If your business is registered as any other business entity, you must separate your personal credit card expenses from your business credit card expenses.

Improves your personal credit score

When you use your credit card, pay off loans on time, and pay off your credit card balance on time, your credit score improves.

Generally, as your credit score improves, your credit limit will also rise.

Your credit limit is the dollar amount that the credit card company is willing to cover upfront, with the expectation that you will pay back the entire amount plus interest and any other agreed-upon charges. Keep in mind that your personal credit score can impact your application when applying for business financing.

Most credit card companies offer rewards programs, benefits or perks to card users. Some cards may give you cashback rewards that you can redeem for statement credits, gift cards or approved products. Some cards give you frequent flyer miles or other travel credits. Before you apply for a specific card, it’s worth exploring what kind of rewards it offers.

Personal credit cards also come with greater consumer protections than business cards do. When Congress passed the Credit CARD Act of 2009, consumer credit cardholders were guaranteed a new and better level of protection from confusing or predatory lending policies.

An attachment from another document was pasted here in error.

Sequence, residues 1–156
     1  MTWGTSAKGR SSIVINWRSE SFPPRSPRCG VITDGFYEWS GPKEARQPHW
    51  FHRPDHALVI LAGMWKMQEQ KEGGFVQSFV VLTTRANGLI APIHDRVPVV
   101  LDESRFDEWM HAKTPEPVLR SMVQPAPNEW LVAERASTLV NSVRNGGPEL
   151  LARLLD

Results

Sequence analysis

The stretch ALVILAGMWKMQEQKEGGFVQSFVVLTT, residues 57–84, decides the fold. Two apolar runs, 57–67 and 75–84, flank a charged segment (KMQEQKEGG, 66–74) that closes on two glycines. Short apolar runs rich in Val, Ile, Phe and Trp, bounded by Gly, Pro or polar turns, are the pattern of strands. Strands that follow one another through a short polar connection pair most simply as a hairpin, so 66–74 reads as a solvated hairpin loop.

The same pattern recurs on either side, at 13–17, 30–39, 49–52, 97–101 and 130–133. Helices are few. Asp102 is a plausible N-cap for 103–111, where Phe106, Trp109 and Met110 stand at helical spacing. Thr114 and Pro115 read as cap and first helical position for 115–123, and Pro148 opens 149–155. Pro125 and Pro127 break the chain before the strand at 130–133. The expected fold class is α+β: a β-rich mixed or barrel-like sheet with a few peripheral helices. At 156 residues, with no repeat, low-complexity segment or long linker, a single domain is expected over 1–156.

Benefits of using a business credit card

While you may use a personal credit card as a sole proprietorship or a single-member LLC with no employees, there are still many reasons to use a business credit card rather than a personal credit card.

Keeps business and personal finances separate

Keeping your business and personal finances separate is an important principle of running your business. This is relatively easy to do if you set up a business bank account distinct from your personal bank account and use a bookkeeping system to track your business transactions.

When it comes to credit cards, it’s as easy as applying for and getting a business credit card. With a separate credit card for business, you can track business expenses independently of your personal ones, simplifying your financial and tax reporting come tax season.

If you’ve been using a single credit card to maintain your personal and business finances, it’s important to fix the situation as soon as possible. Managing your day-to-day business finances is crucial to maintaining the financial health and integrity of your business.

Ultimately, if you’re a sole proprietor, the choice is yours whether to use a dedicated personal consumer credit card or a business-specific credit card for your everyday business purchases. If you feel you don’t need the benefits associated with a business card, then a personal card may suit your needs.

But if you want to establish strong business credit, or if the perks and rewards of a business credit card could help your bottom line, it might be worth your while to make the switch.

And remember, if your business entity is anything other than a sole proprietor, you cannot use personal credit for business expenses.

Higher credit limits

Applicants often qualify for a higher credit limit with a business credit card than they would receive with a personal credit card. This is mainly because businesses tend to both make more money and spend more money than consumers do.

If you’re choosing between using a business credit card and a personal credit card, there are two reasons why you might want to go the business-route when thinking about credit limits.